Moving on to FIG. 5H, a die and mold back metallization layer 514 is formed on the one or more metal layers 512. For one embodiment, the layer 514 is formed by electroplating a metal or metal alloy (e.g., copper, etc.) onto the layer(s) 512. For this embodiment, the layer 514 has a nominal thickness (i.e., a z-height) of approximately 30-50 μm. For another embodiment, the layer 514 is formed by printing sinterable bonding material onto the layer(s) 512. For this embodiment, the layer 514 has a nominal thickness (i.e., a z-height) of approximately 50-100 μm. The sinterable bonding material can have a low temperature range (e.g., 150° C. to 200° C.). The sinterable bonding material can be formed from copper, silver, a copper-silver alloy, or any other suitable metal or metal alloy. For yet another embodiment, the layer 514 is formed by laminating a metal or metal alloy (e.g., copper, etc.) onto the layer(s) 512. For this embodiment, the layer 514 has a nominal thickness (i.e., a z-height) of approximately 30-100 μm. The laminated metal or metal alloy used to form the layer 514 may be black oxide treated and may exhibit a thermal conductivity that is approximately 20 W/mK.

With regard again to FIGS. 5G and 5H, in some embodiments, the metal layers 512 and 514 include metal (stiffener) structures that are electroplated or deposited on the exposed top surfaces of mold compound 510 and the component(s) 508 to provide warpage control. In other embodiments, the layers 512 and 514 include one or more foils (e.g., copper foils, black oxide treated copper foils, any other foils formed from suitable metals or metal alloys, etc.). In these embodiments, the one or more foils may be attached with an adhesive on the exposed top surfaces of mold compound 510 and the component(s) 508 to provide warpage control.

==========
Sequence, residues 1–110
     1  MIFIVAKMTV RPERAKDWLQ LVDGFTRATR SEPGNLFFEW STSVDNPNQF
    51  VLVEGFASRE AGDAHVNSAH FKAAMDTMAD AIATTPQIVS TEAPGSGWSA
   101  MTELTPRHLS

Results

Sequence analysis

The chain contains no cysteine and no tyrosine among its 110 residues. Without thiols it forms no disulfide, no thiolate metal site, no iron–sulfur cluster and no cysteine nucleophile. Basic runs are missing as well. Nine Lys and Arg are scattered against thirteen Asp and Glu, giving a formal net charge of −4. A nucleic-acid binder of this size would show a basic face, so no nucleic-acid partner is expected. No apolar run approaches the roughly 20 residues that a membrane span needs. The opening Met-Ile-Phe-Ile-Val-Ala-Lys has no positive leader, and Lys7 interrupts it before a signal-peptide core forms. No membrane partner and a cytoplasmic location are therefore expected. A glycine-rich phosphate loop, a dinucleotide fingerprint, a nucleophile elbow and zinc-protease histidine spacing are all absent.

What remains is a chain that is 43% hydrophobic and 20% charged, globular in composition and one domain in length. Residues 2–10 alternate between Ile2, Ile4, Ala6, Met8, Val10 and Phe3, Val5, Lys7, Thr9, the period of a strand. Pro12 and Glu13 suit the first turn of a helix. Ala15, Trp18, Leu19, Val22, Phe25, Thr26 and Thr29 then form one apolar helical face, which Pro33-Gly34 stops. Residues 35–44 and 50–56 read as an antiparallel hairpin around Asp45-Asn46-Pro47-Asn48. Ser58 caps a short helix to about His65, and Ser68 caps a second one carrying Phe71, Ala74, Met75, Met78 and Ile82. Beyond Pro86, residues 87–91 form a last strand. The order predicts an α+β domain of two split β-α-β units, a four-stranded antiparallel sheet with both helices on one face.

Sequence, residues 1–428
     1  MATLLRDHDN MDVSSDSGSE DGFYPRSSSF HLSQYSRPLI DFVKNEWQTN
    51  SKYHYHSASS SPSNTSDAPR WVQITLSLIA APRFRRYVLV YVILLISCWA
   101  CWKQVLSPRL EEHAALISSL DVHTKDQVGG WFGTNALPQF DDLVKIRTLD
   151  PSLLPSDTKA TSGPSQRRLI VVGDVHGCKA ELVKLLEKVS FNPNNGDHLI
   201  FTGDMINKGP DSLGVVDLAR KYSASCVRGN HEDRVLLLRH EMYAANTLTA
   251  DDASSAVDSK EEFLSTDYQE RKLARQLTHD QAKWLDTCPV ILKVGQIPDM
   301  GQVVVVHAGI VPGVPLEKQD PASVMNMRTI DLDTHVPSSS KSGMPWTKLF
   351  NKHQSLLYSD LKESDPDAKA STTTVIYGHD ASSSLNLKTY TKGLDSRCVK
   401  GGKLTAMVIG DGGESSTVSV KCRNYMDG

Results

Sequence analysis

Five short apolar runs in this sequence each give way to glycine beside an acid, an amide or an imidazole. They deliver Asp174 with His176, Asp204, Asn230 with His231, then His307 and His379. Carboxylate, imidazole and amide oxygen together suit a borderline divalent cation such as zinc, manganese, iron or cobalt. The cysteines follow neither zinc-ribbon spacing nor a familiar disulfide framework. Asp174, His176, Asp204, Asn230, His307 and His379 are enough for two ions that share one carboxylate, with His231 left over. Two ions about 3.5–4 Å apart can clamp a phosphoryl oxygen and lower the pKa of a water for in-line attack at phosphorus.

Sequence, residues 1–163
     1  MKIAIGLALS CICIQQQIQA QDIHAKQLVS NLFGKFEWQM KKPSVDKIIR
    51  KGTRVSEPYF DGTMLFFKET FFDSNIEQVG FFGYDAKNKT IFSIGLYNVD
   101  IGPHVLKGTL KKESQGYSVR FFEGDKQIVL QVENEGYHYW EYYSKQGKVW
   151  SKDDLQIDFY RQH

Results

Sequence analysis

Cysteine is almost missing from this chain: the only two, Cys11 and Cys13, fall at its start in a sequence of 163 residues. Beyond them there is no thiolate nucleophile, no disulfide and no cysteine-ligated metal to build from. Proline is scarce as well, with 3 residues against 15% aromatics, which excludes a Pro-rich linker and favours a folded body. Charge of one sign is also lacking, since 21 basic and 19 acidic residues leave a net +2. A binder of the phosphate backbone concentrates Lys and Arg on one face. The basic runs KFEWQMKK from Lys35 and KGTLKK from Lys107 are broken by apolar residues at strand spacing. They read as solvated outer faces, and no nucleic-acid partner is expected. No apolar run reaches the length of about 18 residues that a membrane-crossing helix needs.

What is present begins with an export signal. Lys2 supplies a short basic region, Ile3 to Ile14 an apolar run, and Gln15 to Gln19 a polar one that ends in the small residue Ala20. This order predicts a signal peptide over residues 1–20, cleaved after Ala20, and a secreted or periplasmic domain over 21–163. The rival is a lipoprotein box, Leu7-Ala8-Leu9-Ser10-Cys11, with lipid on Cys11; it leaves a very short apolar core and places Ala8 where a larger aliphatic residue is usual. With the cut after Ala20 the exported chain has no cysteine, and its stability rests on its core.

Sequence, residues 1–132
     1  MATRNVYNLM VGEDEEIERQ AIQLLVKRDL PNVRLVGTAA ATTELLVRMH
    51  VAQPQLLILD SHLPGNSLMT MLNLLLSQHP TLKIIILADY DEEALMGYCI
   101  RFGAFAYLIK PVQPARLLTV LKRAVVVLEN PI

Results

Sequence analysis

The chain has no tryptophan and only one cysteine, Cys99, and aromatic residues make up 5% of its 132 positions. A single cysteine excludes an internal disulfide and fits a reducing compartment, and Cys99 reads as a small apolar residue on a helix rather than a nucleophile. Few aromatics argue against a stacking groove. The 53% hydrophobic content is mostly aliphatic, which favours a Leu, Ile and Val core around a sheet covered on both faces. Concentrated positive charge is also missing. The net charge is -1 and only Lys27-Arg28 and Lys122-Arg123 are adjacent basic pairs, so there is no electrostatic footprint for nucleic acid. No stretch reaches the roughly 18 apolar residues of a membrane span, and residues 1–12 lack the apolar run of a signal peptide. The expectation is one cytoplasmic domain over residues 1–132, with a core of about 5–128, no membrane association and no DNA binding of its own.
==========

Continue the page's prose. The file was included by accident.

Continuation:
With regard now to FIG. 5I, a package 575 is formed after formation of the layers 512 and 514, contact pads of the HDP substrate 504 are cleaned, and solder bumps 544 formed from low temperature solder materials (e.g., Sn57Bi, etc.) are attached and reflowed. For one embodiment, the package 575 is designed to have a nominal thickness (i.e., z-height) of approximately 425 μm to 750 μm. For one embodiment, the package 575 is designed to have a die-to-substrate ratio that is equal to or greater than 0.70. Furthermore, the use of the layers 512 and 514, the epoxy layer 506, and the solder bumps 544 can assist with preventing or minimizing warpage of the package 575.

Although not shown in FIGS. 5A-5I, the method used to form the package 575 may, in some embodiments, include forming or disposing one or more additional structures that are adjacent to the component(s) 508 and encapsulated in the mold compound 510. The additional structure(s) may include, but are not limited to, pillars (e.g., pillars formed from metal, metal alloys, and/or any other suitable conductive material, etc.). Furthermore, for some embodiments, the layers 512 and 514 may include one or more structures that assist with propagating signals within the package 575 (e.g., vias, pads, traces, redistribution layers, etc.).

FIG. 6 is a cross-sectional illustration of an ultra-thin, hyper-density semiconductor package 600 according one or more embodiments. The package 600 includes solder bumps 612, which may be low temperature solder bumps formed from tin (Sn) or tin alloys (e.g., Sn—Al alloys, Sn—In alloys, Sn—Bi alloys, etc.). For one embodiment, the solder bumps 612 are formed from an Sn-57 Bi-1 alloy.

The package 600 also includes a high density (HDP) ultra-thin substrate 608 onto which the solder bumps 612 are formed. The HDP substrate 608 may be formed from any suitable material (silicon, glass, metal, etc.). For one embodiment, the substrate 608 has a nominal thickness (i.e., z-height) of approximately 66 μm to 70 μm. For one embodiment, a top side of the substrate 608 has metal pillars 614 (e.g., copper pillars, etc.) formed thereon. For one embodiment, the metal pillars 614 have a maximum nominal thickness (i.e., z-height) that is approximately 150 μm.